It was the perfect platform to showcase the hard work they put into their respective line of study.

Whether it was gene and cell therapies for diabetes, helping bears with one simulation at a time, the effects of gender stereotypes on women’s competence and participation in physical activity, or facilitators to military mental health services, those were all just some of the topics that were presented by graduate students at the Three Minute Thesis Western Regional Competition on April 17 at the Wood Innovation and Design Centre in downtown Prince George.

With the event being organized by UNBC’s Graduate Programs office, it’s the first time the university had hosted this prestigious research competition.

Eighteen graduate students from universities across BC, Alberta, Saskatchewan, and Manitoba all were given three minutes to present their research and its impact to a panel of non-specialist judges and peers.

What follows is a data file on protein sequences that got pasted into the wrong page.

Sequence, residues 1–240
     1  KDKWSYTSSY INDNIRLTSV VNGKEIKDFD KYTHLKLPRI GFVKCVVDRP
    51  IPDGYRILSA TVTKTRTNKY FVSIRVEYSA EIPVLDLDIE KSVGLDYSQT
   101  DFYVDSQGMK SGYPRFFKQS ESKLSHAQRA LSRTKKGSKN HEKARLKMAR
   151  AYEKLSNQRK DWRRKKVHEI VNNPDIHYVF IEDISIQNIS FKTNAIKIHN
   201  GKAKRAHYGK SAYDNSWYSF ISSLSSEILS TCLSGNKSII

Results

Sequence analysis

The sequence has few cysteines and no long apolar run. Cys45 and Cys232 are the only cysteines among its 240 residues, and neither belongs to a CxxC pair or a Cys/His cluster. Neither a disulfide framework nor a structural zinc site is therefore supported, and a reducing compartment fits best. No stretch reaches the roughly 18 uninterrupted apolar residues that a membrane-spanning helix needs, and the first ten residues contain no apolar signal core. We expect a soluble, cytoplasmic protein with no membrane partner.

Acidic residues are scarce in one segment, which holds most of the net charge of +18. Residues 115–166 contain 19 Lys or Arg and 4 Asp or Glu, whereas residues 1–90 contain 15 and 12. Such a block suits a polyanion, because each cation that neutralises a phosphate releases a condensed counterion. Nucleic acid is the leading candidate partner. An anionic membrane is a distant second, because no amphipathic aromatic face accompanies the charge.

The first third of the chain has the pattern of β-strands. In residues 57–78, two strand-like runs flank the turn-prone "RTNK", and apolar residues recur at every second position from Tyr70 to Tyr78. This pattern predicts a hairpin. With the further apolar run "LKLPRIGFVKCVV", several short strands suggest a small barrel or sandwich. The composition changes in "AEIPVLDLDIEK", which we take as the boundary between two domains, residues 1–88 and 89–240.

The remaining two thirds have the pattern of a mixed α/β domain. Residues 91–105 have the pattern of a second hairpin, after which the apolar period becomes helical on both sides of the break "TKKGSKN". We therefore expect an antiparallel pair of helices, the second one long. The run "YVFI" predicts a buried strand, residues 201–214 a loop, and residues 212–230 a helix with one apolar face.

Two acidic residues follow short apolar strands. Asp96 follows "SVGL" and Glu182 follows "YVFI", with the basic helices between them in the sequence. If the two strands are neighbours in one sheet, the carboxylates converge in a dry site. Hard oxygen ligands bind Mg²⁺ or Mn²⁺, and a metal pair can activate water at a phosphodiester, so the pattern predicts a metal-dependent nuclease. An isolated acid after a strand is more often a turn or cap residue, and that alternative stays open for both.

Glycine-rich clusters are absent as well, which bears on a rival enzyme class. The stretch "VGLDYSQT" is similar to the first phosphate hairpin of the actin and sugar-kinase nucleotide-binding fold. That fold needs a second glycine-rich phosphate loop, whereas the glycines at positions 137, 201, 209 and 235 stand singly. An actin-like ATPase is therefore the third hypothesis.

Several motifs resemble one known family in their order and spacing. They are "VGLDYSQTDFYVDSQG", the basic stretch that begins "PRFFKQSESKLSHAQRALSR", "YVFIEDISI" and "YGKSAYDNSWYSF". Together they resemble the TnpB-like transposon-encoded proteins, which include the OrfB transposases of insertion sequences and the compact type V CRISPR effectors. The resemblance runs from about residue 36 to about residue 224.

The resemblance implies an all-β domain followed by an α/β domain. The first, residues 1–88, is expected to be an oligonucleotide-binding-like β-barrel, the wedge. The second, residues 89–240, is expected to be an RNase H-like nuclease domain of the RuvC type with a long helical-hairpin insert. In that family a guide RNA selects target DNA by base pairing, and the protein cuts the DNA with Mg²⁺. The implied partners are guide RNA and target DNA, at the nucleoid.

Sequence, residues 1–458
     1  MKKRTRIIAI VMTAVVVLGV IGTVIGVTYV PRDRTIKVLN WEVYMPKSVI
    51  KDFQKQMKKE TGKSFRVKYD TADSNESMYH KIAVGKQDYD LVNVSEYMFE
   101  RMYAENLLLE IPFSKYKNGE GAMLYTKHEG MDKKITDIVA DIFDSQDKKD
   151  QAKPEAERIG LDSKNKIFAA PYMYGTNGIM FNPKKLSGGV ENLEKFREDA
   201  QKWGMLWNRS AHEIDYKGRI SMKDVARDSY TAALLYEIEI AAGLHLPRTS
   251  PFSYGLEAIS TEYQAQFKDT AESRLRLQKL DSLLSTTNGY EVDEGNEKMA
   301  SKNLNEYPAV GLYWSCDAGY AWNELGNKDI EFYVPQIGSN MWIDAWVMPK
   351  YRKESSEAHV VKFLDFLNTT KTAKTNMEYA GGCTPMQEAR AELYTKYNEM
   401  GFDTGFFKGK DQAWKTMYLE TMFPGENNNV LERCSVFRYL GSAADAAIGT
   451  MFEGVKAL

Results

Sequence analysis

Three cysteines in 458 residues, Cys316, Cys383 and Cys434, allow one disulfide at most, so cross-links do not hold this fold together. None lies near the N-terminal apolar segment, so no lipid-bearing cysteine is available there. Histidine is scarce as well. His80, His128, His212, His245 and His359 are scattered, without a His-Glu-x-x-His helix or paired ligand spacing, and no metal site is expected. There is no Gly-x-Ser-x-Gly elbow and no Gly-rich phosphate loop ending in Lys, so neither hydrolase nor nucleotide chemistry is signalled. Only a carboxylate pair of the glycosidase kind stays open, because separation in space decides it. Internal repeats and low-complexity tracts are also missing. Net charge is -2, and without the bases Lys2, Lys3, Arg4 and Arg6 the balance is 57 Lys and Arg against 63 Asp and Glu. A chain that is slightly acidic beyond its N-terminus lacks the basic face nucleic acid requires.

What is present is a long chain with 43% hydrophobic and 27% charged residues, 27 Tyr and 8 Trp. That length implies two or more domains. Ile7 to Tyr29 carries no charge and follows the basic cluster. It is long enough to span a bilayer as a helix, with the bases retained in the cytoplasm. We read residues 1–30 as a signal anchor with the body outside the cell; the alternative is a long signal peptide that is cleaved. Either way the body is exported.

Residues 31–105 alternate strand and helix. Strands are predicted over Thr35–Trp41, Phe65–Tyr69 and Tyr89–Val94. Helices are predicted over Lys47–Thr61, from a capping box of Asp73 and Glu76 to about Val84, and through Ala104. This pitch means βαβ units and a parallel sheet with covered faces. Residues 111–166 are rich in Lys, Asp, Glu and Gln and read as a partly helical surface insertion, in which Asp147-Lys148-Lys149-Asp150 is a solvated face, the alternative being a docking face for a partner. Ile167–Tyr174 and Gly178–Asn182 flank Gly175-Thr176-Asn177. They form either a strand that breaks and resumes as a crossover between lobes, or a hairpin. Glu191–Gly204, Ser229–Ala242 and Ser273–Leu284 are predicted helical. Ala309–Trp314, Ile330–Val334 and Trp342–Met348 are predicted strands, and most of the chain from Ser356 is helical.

Jennifer Coburn, a graduate student in Gender Studies, represented UNBC. Her topic focused on the “Girl Push-Up” and the effects that gender stereotypes have on women’s competence and their participation in physical activity.

The exercise is intended to develop academic, presentation, as well as research communication skills. It also supports the development of research students’ capacity to effectively explain their research in language appropriate to an intelligent but not necessarily experts in that particular topic.

Following his thesis topic of gene and cell therapy for diabetes, first place went to the UBC’s Adam Ramzy.

As the result of his win at the Western Regional Competition, Ramzy will now move onto to the national competition on June 3.